How could this be so? It has to do with mismanagement by central banks and the naïveté of investors with nowhere else to put their money. The Federal Reserve and other central banks have committed themselves to a Doomsday Strategy of printing money and holding interest rates at near-zero to try to stave off the eventual collapse, but in the long run, it's not going to work. In essence, the Fed is trying to save us from a collapsing bubble by blowing an even bigger bubble, until, at some point, that bigger bubble has to pop. We just don't know how and when. 

Instead of dwelling on current absurdities, I prefer to focus on what is concrete and knowable about the future, which is where demography comes in. Demography gives as a couple of really powerful predictive observations: One is that all human beings eventually grow old and die. This has been true since the beginning of time, and it will continue to be true for the foreseeable future. Furthermore, humans don't just suddenly die when they reach a certain age; they invariably get sick and weak first, often for years, and these illnesses are a huge burden to society. Improvements in medical science may increase the human lifespan, but only at huge cost, and ultimately dotage and death will still win.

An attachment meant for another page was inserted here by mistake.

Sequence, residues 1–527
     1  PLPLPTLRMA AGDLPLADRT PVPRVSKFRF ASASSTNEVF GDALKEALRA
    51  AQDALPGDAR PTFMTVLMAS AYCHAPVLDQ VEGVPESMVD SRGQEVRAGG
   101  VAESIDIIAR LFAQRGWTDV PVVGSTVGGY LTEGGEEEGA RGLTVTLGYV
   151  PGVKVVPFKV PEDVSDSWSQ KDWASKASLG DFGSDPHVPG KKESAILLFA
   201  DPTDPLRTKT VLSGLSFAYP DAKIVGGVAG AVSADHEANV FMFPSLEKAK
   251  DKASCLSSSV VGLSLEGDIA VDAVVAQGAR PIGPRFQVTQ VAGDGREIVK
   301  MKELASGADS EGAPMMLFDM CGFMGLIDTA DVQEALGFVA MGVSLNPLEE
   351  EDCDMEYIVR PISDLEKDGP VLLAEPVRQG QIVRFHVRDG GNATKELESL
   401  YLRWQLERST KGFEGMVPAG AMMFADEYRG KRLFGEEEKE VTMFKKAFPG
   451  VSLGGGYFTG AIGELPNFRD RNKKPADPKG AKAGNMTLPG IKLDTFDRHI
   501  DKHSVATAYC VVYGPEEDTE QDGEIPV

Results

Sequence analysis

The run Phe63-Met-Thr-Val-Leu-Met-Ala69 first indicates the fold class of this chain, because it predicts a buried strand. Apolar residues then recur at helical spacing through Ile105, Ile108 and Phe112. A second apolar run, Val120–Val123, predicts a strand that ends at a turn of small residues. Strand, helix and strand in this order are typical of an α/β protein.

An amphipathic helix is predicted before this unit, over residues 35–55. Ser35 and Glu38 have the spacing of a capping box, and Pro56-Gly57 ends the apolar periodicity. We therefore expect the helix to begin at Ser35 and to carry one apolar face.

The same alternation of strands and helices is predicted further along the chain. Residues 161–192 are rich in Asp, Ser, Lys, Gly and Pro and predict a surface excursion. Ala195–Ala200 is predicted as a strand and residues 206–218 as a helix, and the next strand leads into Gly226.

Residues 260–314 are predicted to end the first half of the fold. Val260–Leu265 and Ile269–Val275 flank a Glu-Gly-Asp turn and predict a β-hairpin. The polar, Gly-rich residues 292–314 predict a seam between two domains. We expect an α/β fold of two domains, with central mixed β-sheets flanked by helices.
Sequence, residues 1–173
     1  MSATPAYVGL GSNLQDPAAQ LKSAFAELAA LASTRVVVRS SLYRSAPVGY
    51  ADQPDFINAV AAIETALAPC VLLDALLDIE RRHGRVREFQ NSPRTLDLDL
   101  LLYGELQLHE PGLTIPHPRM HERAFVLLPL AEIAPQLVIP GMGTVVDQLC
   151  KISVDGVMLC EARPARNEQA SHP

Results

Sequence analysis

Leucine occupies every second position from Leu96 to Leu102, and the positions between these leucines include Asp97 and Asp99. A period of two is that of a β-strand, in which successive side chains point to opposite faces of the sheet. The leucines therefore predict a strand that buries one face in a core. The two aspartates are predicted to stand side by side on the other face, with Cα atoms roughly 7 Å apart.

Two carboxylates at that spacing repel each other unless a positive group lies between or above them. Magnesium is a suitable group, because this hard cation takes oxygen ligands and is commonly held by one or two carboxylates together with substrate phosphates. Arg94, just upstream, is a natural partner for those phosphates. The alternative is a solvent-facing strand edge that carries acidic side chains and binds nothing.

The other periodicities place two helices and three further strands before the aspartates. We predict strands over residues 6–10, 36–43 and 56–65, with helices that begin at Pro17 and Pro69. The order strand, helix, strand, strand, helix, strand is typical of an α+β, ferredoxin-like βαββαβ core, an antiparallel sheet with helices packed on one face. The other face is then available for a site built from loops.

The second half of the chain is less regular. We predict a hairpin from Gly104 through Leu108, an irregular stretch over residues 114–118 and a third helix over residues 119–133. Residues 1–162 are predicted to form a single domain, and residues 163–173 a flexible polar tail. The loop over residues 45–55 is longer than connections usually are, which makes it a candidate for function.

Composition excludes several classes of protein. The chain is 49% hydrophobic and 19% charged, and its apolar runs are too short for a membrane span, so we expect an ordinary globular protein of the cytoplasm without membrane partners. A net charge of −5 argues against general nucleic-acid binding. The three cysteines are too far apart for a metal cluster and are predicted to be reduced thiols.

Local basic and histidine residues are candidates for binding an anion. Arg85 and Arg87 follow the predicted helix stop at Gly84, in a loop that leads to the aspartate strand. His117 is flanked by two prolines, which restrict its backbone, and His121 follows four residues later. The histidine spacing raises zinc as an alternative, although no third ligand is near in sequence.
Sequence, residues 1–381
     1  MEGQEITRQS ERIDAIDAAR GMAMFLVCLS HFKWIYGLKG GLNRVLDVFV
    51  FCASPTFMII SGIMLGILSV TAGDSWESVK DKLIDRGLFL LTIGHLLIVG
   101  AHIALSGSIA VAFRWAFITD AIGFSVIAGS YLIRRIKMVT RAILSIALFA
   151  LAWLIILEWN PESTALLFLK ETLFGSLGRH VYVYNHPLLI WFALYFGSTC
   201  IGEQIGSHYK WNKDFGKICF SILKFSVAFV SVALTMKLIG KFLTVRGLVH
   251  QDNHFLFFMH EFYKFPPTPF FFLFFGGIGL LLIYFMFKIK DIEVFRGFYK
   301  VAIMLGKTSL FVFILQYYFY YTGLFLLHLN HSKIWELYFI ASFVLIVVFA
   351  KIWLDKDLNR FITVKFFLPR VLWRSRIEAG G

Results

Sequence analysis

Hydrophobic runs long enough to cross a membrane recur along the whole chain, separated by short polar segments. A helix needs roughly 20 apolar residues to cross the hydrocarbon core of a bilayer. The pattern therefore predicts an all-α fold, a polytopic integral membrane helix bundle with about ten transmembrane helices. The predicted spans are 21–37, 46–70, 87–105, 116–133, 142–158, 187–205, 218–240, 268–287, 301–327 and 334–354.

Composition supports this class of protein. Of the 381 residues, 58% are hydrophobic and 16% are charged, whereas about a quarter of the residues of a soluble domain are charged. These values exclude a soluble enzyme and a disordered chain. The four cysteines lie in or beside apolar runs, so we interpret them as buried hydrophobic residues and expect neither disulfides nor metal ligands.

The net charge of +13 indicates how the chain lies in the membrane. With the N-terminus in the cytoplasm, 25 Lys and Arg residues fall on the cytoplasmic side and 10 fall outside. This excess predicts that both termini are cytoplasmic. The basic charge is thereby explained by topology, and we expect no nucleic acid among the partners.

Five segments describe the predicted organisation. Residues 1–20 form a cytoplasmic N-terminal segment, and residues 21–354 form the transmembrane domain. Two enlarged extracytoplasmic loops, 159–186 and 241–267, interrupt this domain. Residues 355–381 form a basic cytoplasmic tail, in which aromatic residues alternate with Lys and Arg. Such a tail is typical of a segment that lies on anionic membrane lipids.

The other demographic observation is that there can't be more adults in the future than there are children now. Combine these two principles together and you have the absolute guarantee or a shrinking workforce and a growing proportion of ailing old people, with inadequate resources to support them.

This has all been clear to me since I started studying demography four years ago, but what part of this has Covid changed? There's one very simple but devastating effect of the epidemic: an acceleration of our birth collapse. I predict that the actual deaths caused by Covid will be dwarfed in the long run by the births that don't happen because of it. Death by disease is certainly more painful in the short term than births that never happen, but the latter has a much greater effect on society in the long run. In the long term, human suffering caused directly by Covid may pale against human suffering caused by dwindling population.

The end of 2020 and beyond is certain to be a horrible period for the worldwide birth rate. By "horrible" I mean that birth rates that were already too low in 2019 will fall through the floor starting a couple of months now. Instead of a dismal fertility rate of 1.5 babies per woman—which was roughly the rate for all of Europe in 2019—it is going to fall closer to a catastrophic fertility of 1.0 or less. In other words, for every one man and one woman in your country, only one child will be produced. If you keep doing this generation after generation, pretty soon you don't have a viable country anymore.